suppose I have a pde $$u_{xt}(x,t)+u(x,t)u_{xx}(x,t)=h(t),\,\,\,\, x\in[0,\pi],\,\, t>0$$ for some unspecified function $h(t)$. This question is about finding what $h(t)$ is. Please, you may assume all computations are correct and that there is enough regularity for them to be justified. I just want to check if the idea behind the procedure is correct.

Suppose I have boundary condition


Note $u(0,t)$ not specified. Integrating the equation between $0$ and $\pi$ and using integration by parts gives

$$h(t)=-u_t(0,t)-\int_0^{\pi}{u_x^2 dx}.$$

Now, differentiating the pde in $x$ gives


Multiplying this last equation through by $x$, integrating between $0$ and $\pi$, and using integration by parts, yields

$$u_t(0,t)=\int_0^{\pi}{uu_{xx} dx}=uu_x\big|_{x=0}^{x=\pi}-\int_0^{\pi}{u_x^2}=-\int_0^{\pi}{u_x^2}.$$

Substituting this in the equation for $h(t)$ gives

$$h(t)\equiv 0.$$

That's it. Seems pretty straightforward to me.

  • $\begingroup$ You missed a factor of $\pi$ in integrating $h(t)$ over $[0,\pi]$. I don't understand the last step; could you explicate how you end up with that integral over $uu_{xx}$? $\endgroup$
    – joriki
    Jul 28 '15 at 6:19
  • $\begingroup$ Yeah I forgot that $\pi$, thanks. It comes from integrating $\int{xuu_{xxx}}+\int{xu_xu_{xx}}$ by parts, actually just the first term. The boundary terms are zero and we get $-\int{u_{xx}\partial_x(xu)}+\int{xu_xu_{xx}}$, which is just $-\int{uu_{xx}}$. $\endgroup$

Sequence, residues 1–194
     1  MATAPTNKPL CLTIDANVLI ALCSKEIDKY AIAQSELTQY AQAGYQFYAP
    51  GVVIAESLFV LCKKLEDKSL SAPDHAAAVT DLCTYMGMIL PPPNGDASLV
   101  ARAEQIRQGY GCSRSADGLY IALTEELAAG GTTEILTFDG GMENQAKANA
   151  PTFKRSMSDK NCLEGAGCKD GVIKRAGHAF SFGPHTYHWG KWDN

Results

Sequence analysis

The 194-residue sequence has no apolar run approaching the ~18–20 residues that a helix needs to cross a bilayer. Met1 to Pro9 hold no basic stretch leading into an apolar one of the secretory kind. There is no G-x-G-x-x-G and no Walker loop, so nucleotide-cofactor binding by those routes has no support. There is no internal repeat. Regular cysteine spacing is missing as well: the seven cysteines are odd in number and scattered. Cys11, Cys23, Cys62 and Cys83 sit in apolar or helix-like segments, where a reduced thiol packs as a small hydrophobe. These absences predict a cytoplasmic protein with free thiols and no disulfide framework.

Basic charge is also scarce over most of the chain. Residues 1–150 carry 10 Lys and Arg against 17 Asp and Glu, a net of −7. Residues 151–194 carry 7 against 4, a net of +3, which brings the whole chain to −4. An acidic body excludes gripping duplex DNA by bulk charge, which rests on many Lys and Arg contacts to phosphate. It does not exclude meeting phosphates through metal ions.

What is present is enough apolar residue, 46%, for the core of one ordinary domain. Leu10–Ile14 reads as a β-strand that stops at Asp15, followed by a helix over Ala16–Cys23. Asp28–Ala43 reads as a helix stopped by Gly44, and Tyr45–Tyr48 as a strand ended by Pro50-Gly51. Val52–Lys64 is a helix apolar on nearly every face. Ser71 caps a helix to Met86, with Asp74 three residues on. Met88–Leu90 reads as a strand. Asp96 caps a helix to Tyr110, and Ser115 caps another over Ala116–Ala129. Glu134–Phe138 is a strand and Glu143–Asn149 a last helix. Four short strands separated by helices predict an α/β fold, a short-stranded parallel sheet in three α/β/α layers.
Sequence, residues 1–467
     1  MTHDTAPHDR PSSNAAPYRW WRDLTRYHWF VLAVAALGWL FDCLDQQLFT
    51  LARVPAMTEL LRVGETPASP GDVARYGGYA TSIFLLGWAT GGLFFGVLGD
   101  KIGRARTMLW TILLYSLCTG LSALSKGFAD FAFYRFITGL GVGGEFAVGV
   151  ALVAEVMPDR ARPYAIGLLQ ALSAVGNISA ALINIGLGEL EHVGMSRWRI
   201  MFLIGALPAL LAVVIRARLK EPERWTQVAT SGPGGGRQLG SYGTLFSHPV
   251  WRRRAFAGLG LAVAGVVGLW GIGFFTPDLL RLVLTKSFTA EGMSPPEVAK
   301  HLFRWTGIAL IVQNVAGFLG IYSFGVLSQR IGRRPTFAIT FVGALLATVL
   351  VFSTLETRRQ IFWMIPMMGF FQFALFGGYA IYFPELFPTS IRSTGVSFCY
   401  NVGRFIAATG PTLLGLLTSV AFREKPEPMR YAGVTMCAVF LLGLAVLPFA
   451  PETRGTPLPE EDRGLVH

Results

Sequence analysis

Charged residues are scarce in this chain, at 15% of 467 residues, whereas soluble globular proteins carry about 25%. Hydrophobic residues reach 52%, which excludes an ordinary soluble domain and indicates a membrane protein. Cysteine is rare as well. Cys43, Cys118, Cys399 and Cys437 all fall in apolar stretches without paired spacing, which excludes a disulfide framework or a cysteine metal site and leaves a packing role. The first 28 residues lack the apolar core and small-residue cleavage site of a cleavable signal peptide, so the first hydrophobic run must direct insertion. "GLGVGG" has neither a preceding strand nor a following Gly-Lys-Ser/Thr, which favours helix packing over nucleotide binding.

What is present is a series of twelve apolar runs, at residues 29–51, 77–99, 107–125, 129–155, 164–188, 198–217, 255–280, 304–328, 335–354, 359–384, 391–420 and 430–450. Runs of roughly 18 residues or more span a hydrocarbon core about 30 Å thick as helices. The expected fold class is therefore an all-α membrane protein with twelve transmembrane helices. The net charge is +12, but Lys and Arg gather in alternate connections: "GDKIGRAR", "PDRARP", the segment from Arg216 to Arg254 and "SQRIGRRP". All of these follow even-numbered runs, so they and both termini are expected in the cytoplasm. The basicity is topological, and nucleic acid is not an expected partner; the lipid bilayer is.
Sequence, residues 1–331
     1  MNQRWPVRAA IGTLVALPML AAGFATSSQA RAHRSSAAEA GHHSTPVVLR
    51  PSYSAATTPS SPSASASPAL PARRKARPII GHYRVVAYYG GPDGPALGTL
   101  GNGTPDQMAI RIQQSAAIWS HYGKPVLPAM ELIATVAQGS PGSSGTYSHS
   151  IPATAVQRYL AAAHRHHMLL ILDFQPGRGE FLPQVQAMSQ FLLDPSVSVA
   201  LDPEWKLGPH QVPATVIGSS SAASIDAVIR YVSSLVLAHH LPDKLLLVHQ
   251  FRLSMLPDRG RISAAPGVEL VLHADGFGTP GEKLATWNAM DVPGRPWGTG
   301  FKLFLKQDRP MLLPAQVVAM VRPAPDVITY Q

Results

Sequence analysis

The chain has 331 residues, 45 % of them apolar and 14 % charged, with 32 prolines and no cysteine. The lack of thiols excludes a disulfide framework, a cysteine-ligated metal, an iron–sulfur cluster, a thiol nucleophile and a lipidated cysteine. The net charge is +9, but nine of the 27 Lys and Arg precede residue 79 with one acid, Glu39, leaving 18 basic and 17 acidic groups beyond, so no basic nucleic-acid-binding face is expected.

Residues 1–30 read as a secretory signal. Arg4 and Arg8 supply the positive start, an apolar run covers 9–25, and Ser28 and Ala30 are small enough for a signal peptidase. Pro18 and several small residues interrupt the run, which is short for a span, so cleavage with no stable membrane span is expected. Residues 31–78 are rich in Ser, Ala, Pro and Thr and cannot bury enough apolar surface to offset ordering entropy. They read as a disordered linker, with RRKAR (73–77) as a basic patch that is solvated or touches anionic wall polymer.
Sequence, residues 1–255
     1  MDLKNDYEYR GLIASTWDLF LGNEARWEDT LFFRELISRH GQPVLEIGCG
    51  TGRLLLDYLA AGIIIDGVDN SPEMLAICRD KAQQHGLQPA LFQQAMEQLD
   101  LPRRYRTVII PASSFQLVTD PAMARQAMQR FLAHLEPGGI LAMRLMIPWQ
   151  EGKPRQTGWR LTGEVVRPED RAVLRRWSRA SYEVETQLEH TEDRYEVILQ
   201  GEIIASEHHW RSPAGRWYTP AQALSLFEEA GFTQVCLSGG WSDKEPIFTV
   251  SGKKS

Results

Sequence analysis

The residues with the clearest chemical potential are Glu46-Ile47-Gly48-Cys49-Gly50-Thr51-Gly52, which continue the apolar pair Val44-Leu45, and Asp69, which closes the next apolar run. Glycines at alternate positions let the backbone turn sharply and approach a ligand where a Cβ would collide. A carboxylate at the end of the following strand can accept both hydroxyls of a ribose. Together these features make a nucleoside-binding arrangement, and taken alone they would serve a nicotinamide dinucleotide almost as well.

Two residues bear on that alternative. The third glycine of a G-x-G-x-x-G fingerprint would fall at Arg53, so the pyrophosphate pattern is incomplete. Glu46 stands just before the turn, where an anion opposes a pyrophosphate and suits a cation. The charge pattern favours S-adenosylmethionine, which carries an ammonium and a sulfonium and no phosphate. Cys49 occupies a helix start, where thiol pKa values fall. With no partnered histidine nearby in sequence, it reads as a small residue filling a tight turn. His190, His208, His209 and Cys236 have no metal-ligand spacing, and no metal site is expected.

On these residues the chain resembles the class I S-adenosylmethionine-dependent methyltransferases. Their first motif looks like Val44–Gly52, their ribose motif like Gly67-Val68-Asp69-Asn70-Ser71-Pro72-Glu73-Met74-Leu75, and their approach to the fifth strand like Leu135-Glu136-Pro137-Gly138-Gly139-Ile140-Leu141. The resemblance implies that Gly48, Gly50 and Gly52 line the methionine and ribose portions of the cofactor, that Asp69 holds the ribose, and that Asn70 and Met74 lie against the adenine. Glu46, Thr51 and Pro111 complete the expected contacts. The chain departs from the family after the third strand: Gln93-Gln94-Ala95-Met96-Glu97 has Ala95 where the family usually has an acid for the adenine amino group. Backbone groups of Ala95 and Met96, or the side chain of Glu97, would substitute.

– user257319
    Jul 28 '15 at 6:33

I think what you've done is a terrible detour that consists mostly of undoing things you did before. The one substantial step involved is substituting $x=\pi$ into the differential equation, which you could have done directly:

$$ u_{xt}(\pi,t)+u(\pi,t)u_{xx}(\pi,t)=h(t)=0\;. $$

If I may take the liberty to quote you: That's it. Seems pretty straightforward to me. ;-)

  • $\begingroup$ Yes of course, that also works. I actually made up this pde to try and ask my question, which is about the procedure to determine $h(t)$. What I wanted to check was that all the things I did were justified and that not one single approach, say for instance the one where you integrate the original equation, should be used for some mathematical reason. Thanks anyway. $\endgroup$
    – user257319
    Jul 28 '15 at 7:04
  • $\begingroup$ @user257319: Well, it would have helped if you'd written all that in the question. What a wild goose chase. $\endgroup$
    – joriki
    Jul 28 '15 at 7:11
  • $\begingroup$ Sorry, I thought I did with ''I just want to check if the idea behind the procedure is correct.'' $\endgroup$
    – user257319
    Jul 28 '15 at 8:15

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